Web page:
Tribute to Susan Dynarski as she departs the Ford School

June 23, 2021

Since 2008, Sue Dynarski has been one of the Ford School's most active faculty working to reform public education, fighting for educational equity and inclusiveness, and training the next generation of education policy experts. She has taught hundreds of Fordies the intricacies of program evaluation, statistics, econometrics, regression analysis, and causal inference. And she has used those same tools to remove barriers to educational opportunities through policy change. 

She now is making a transition to be closer to family and friends and return to the community where she was born and raised and where she began her first career as a union organizer. She will join the Harvard Graduate School of Education in fall 2021.

For anyone wishing to send Sue a tribute or reminiscent, they can do so using this form.

Recapping her influence at the Ford School, Dean Michael S. Barr says, “Sue fights for educational equity and advocates for inclusivity at every opportunity. She is transforming access to higher education."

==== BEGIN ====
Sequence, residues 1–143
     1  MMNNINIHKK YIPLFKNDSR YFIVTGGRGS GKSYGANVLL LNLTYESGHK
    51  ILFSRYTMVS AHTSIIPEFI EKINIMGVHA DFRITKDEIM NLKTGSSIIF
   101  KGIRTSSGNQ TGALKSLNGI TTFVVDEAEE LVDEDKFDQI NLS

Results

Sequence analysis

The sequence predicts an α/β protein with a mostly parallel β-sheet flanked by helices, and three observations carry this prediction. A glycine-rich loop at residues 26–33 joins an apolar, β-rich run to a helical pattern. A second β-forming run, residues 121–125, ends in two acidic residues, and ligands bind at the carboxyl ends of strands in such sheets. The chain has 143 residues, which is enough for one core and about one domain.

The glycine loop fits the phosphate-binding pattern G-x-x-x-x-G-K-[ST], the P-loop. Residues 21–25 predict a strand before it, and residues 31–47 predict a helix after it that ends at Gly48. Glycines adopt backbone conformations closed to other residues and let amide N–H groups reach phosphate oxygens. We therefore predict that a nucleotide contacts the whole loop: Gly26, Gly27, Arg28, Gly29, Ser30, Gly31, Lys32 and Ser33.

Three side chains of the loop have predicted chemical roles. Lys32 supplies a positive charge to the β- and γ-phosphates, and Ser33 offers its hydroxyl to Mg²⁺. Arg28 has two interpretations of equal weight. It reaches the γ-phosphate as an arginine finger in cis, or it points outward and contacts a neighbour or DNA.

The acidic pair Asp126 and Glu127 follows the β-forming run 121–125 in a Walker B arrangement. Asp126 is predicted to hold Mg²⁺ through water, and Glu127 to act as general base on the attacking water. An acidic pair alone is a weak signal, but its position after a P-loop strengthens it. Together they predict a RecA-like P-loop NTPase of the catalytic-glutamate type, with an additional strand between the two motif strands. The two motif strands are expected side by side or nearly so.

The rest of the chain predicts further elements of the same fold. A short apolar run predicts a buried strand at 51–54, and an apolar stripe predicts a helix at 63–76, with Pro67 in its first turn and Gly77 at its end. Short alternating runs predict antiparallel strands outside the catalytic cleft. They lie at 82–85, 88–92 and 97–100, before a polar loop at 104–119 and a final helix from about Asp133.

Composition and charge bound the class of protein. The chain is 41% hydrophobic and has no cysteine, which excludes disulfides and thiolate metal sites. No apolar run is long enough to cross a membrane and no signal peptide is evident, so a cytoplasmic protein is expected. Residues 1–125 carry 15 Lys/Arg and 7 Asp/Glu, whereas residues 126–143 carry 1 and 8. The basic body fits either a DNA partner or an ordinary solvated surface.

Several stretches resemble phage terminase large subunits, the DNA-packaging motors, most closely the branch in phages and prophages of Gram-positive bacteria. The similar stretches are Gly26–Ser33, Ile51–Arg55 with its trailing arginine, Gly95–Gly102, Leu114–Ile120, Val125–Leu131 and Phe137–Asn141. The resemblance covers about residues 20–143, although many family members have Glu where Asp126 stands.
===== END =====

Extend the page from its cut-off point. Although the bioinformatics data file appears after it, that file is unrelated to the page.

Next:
Perhaps her two most significant contributions were her work on the creation of the HAIL program and on financial aid reform. 

In 2015, Sue and her colleagues set out to address disparities in applications to selective universities like U-M. Their research led them to help design and evaluate the wildly successful HAIL Scholars program. HAIL students were more than twice as likely to apply to, gain admission, and enroll at U-M than students who did not receive the HAIL scholarship offer.

U-M President Mark Schlissel commented, “Cost should never be a barrier to in-state students seeking to study at the University of Michigan. This research has given us important data that has helped us design programs that provide greater access to the life-changing educational opportunities at a top public research university." 

On financial aid, Sue found that just four questions on the FAFSA could explain 90 percent of the variation in eligibility. Her research and advocacy led to a new form. Starting in 2023, the FAFSA will include just 33 questions from the original 108, and applicants will also be able to directly transfer tax information from the IRS.

Sue has also dedicated herself to supporting causal inference research and rigorous graduate-level training. Sue co-founded the Education Policy Initiative (EPI) research center in 2012 with Brian Jacob. Since then, EPI has raised nearly $30 million for research, training programs, public engagement, partnerships, and importantly the Michigan Education Data Center (MEDC).

She also led U-M's interdisciplinary Causal Inference in Education Policy Research (CIEPR) predoctoral and postdoctoral training programs, which prepares doctoral students to design, implement, and analyze research to evaluate the causal impacts of education programs and policies in partnership with educational agencies.

Sue's had been recognized with awards far and wide:

An overview of her many accomplishments can be seen on a tribute page